Despite a frost warning in the mountains surrounding town, today was warm enough (mid-70s) for a vodka tonic to cut the dust and I was pleased to try a new and very affordable ($10 for a .750l) vodka.
Exclusiv vodka was introduced to the U.S. earlier this year and anyone Googling the name will find many reviewers of this Moldava-made spirit already have adopted this import as one of their favorite vodkas.
A $10 vodka attracts new drinkers simply because of the price but don’t let that stop you – this is a very nice vodka despite its lower-shelf price point.
Here is what one PR notice said: “The Double Gold medal winners in the 2012 San Francisco World Spirits Competition prove that spending more money for a bottle of Vodka doesn’t guarantee better taste.
In a surprising upset, Vodka newcomer, Exclusiv Vodka, beat out several major brands including Absolut, Chopin, Smirnoff, Finlandia, and others and costs a fraction of the price.
“Exclusiv Vodka stood up to more than 1,200 spirits being judged this year—the largest group of entries in the 12-year history of the competition.”
Heady stuff for any spirit, much less one you never heard of before this spring.
There’s something about the water used in this vodca (that’s how the website spells it, sort of early Moldavian) as being a factor in its smooth entry and pleasant taste but I’ll leave that to the experts.
I found it quite pleasant with tonic and in dirty martinis. Exclusiv also comes in several flavored styles (the numbers on the bottles relate to the flavors), including Berry and Rosé, both of which brightened up mixed drinks.
Keep Exclusiv vodka (no matter how you spell it) around for the holiday season, you’ll find plenty of reasons to use it.
Amid the bustle of Saturday’s (Sept. 22) Festival in the Park, the popular day-long highlight of the Colorado Mountain Winefest, was the sight of Mike Thompson wearing a neck brace and doing his best not to help too much.
Thompson and his wife Jackie own Boulder Creek Winery in Boulder and when he isn’t involved with the winery, Mike usually can be found running or riding his bike in preparation for an upcoming marathon or half-marathon.
It was while training earlier this month for a half-marathon that Mike had a bike accident leaving him with four fractured vertebrae, one in his neck and three mid-spine.
He said he was riding along a Boulder bike path when he ran into a mountain biker who had stopped on the trail to answer his cell phone.
“It was all my fault,” said Mike, a bright-pink scar etched on his forehead where part of his injuries needed nine stitches. “I saw him and thought he was far enough ahead, so I put my head down and didn’t see he had stopped.”
The other rider wasn’t injured.
While Thompson’s injuries heal, he’s wearing the neck brace and limited to light work, which can be tough duty for a guy not accustomed to simply standing around.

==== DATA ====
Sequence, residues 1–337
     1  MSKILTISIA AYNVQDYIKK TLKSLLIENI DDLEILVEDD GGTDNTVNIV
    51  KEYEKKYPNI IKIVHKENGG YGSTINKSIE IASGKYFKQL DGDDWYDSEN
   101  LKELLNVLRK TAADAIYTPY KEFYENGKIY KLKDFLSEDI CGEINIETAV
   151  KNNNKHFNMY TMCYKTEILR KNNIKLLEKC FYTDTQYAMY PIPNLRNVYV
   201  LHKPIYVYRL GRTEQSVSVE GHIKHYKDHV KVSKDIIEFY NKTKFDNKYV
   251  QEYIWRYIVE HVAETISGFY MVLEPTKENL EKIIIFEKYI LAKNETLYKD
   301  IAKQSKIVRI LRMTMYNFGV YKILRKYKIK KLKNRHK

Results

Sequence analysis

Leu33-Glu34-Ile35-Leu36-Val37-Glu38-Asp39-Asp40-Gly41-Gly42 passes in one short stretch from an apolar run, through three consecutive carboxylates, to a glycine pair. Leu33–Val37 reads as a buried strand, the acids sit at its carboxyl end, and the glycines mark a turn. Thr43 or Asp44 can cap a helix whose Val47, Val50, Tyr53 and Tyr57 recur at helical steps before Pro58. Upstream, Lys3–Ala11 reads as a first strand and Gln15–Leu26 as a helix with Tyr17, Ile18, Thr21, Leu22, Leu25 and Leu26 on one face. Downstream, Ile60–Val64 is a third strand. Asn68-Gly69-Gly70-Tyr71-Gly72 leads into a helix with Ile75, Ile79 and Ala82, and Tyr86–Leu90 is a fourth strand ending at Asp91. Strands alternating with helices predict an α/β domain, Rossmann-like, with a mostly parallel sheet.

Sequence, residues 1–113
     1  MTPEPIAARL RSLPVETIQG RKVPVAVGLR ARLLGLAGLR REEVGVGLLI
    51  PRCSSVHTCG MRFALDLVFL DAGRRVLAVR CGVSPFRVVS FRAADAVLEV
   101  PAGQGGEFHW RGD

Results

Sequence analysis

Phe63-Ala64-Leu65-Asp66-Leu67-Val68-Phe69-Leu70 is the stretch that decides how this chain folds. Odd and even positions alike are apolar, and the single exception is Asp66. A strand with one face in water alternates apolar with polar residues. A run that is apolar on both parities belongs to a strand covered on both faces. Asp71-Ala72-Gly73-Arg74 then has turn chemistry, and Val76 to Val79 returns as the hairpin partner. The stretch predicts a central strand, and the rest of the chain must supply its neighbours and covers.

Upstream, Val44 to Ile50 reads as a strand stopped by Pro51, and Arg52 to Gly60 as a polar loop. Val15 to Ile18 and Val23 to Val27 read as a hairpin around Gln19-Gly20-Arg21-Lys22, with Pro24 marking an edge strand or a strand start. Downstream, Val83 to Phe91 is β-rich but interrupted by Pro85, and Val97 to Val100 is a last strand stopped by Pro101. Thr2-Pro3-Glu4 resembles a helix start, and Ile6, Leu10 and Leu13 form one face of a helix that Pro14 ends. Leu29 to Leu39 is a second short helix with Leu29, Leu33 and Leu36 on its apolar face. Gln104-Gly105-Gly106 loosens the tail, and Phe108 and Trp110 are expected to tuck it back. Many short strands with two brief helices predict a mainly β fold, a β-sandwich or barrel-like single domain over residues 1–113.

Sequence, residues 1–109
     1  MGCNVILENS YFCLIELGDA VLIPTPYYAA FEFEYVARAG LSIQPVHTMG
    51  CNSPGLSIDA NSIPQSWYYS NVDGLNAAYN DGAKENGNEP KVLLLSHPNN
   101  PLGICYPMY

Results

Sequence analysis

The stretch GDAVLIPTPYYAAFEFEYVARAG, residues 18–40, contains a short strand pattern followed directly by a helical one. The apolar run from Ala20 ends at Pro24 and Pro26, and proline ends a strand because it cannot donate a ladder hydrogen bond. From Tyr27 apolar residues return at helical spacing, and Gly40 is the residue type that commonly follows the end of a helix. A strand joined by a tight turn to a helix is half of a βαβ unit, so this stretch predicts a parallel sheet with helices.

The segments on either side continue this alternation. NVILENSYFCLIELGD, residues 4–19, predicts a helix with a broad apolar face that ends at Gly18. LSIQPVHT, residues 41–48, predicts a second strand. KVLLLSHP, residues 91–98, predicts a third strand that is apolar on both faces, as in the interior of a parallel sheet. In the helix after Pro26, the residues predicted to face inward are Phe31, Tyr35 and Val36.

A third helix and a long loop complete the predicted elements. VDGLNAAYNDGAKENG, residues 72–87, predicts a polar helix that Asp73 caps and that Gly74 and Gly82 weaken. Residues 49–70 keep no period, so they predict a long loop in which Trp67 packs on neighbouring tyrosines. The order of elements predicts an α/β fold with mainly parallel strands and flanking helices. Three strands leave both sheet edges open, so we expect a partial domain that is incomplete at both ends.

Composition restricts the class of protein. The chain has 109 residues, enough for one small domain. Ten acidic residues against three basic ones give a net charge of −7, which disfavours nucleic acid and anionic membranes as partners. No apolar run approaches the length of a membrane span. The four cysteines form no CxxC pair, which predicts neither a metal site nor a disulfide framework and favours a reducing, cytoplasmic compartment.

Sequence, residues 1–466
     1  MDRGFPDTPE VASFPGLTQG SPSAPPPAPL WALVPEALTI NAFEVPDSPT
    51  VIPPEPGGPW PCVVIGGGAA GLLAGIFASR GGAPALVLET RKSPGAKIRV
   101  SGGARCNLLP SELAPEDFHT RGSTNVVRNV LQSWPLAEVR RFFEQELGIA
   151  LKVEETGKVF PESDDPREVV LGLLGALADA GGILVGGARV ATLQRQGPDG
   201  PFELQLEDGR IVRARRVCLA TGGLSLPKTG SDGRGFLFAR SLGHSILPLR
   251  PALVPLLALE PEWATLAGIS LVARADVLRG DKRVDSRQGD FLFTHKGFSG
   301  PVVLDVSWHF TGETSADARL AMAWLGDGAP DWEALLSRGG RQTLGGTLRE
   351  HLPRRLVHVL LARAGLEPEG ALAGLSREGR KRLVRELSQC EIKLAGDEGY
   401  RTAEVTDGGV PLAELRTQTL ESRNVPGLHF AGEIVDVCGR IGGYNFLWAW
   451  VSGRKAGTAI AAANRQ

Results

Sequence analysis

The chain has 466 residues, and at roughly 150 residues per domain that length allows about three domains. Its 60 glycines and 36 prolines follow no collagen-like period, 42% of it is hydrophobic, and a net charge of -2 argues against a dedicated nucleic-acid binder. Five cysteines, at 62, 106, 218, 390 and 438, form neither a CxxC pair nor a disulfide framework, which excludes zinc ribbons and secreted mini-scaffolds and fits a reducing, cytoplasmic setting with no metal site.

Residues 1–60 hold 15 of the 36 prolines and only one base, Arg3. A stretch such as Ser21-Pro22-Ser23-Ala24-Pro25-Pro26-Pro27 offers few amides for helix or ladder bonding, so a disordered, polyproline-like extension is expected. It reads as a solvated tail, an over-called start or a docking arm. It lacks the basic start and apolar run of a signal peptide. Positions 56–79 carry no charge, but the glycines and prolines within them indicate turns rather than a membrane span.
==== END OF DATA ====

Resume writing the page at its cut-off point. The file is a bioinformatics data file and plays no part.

“He shouldn’t be lifting at all,” said Jackie, eyeing her husband as he fidgeted about the booth. “He refused to stay home so I have him running the cash machine today.”
The good news is Mike expects to be back training soon, although when suggested he’ll be running by November, Jackie looked skeptical.
“Maybe,” she said. “He’s hard to keep quiet.”
The accident came at the worst time for a winemaker – the Thompsons had a crew picking their sauvignon blanc grapes that very day in the Grand Valley, and the timing of getting grapes to the winery is critical.
“Mike was just getting out of the hospital so I decided I would make the 10-hour drive over here and pick up the grapes and then we’d figure out how we were going to get them crushed and everything,” said Jackie, an award-winning winemaker,including the Best Rosé at the 2012 Governor’s Cup competition. “I was not looking forward to that and then John (Garlich) called.”
Garlich and his wife Ulla Merz operate Bookcliff Vineyards in Boulder and grow 35 acres of grapes in the Vinelands area south of Palisade.
Garlich, who is quite familiar with the long drive from Boulder to his vineyards 250 miles away, volunteered to drive to Palisade, pick up the Thompson’s grapes and get them to Boulder.
“He did even more,” Jackie said. “John got the grapes and had them crushed and pressed at his winery and then he put the juice in a portable tank and trucked it to my winery.”
“It saved the day for me and saved that batch of wine.”
It’s not unusual, said Garlich, for Colorado’s winemakers to lend a helping hand when other winemakers are in need of assistance.
“It’s a tough business already, why make it tougher for each other?” he asked, downplaying his role.
Wineries hit by flooding
Several wineries were hit by the flooding that destroyed homes and businesses and did an estimated $500 million in damage across the Front Range.
The website for Creekside Cellars in Evergreen shows a brooding Bear Creek climbing close to the winery, and several people this weekend said winemaker Michelle Cleveland was able to save her wine despite some water in the winery.
Snowy Peaks Winery in Estes Park wasn’t damaged but was inaccessible for several days, as was the entire town.
With access to Estes Park limited to the Peak-to-Peak Highway or across Trail Ridge Road, the winery’s website offers an upbeat view, saying the tasting room has re-opened and grapes will start arriving this week.
Mike Buell of Turquoise Mesa Winery in Broomfield said his winery will help Snowy Peaks make it through the vintage.
The website for Caitano’s Winery, whose tasting room at the Rock N River Day Resort in Lyons suffered extensive damage, says the winery is closed until further notice.
On a brighter note, the Colorado Association for Viticulture and Enology announced Monday an estimated 5,846 people attended the Festival in the Park, setting a 22-year attendance high.